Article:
The Basics

What is nystagmus?

Nystagmus is characterised by a rapid involuntary movement of the eyes, usually from side to side. The eye movement is not necessarily in a horizontal plane – it could be a vertical or circular movement.

The majority of those with nystagmus have vision which is significantly worse than average and well below what is considered to be short sighted. In the UK, many people with nystagmus are eligible to be registered as partially sighted and a small number meet the criteria to be registered as blind.

Nystagmus is not contagious or infectious. Nystagmus is not painful and does not lead to total blindness. Vision seems to improve until it stabilises around the age of five or six.

How common is nystagmus?

Nystagmus affects around 1 in 1,000 people.

Prevalence figures can vary widely because different studies might exclude certain types of nystagmus, for instance, they might exclude people with acquired nystagmus.

What types of nystagmus are there?

A number of keywords can be used to describe the type of nystagmus that someone has. These keywords include:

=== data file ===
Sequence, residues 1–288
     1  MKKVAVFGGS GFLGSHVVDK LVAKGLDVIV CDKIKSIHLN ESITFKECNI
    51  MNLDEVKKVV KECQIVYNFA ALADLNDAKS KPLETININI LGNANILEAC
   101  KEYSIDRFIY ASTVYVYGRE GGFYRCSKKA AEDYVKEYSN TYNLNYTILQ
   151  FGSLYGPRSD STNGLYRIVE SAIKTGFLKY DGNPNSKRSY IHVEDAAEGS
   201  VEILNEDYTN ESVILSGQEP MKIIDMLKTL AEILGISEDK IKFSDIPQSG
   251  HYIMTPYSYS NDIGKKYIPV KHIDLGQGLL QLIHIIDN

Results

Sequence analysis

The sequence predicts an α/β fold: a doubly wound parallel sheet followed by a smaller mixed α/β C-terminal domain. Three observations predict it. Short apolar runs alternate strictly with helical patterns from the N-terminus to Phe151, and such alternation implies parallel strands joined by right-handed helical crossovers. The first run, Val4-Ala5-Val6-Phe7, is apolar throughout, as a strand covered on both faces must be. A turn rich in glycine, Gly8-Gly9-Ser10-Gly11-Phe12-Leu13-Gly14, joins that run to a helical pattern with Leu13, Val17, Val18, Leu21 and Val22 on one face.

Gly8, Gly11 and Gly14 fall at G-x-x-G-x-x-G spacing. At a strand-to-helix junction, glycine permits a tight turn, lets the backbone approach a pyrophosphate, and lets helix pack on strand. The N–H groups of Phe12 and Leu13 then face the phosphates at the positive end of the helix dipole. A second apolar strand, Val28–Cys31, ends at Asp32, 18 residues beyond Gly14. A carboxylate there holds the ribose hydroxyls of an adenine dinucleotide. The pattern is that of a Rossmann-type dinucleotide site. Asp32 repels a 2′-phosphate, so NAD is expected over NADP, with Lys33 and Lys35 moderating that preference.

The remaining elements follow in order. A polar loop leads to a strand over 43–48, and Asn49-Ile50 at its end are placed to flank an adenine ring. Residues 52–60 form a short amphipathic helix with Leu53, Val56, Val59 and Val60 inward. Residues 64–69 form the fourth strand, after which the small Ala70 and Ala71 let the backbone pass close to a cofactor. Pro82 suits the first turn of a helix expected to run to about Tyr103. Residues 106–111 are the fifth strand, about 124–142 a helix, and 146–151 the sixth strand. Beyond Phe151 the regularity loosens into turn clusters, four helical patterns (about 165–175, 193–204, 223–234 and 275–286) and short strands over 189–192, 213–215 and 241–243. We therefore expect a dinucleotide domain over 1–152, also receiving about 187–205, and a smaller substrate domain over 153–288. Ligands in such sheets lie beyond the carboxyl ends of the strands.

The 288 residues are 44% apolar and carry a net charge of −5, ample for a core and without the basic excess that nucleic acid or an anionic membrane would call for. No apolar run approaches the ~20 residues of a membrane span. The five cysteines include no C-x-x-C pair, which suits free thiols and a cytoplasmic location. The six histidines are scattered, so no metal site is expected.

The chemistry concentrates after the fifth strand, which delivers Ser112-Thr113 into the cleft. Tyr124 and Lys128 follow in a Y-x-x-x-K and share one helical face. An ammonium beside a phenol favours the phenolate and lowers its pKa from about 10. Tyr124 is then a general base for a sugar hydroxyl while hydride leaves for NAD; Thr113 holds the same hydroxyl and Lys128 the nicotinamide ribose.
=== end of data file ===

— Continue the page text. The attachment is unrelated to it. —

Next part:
Acquired — meaning that at one stage, the person did not have nystagmus but they do now, i.e. they acquired it. Nystagmus can be a secondary condition to other medical conditions like Multiple Sclerosis.

Congenital — meaning born with the condition. Note that there is no evidence that people are actually born with nystagmus as it is not usually identified until weeks or months after birth. For this reason, infantile is often used instead.

Idiopathic — meaning no known cause. We know that nystagmus can be hereditary or associated with Albinism. If thorough tests cannot make a link with any known causes, then the nystagmus can be described as idiopathic.

Infantile — meaning that nystagmus was identified in early childhood. Nystagmus is generally identified within the first 6 months after birth.

These adjectives can be put together to describe the type of nystagmus. In my case, I was diagnosed with it within the first 6 months of birth and tests carried out in the UK by one of the leading nystagmus research units could not identify a cause. I have infantile idiopathic nystagmus.

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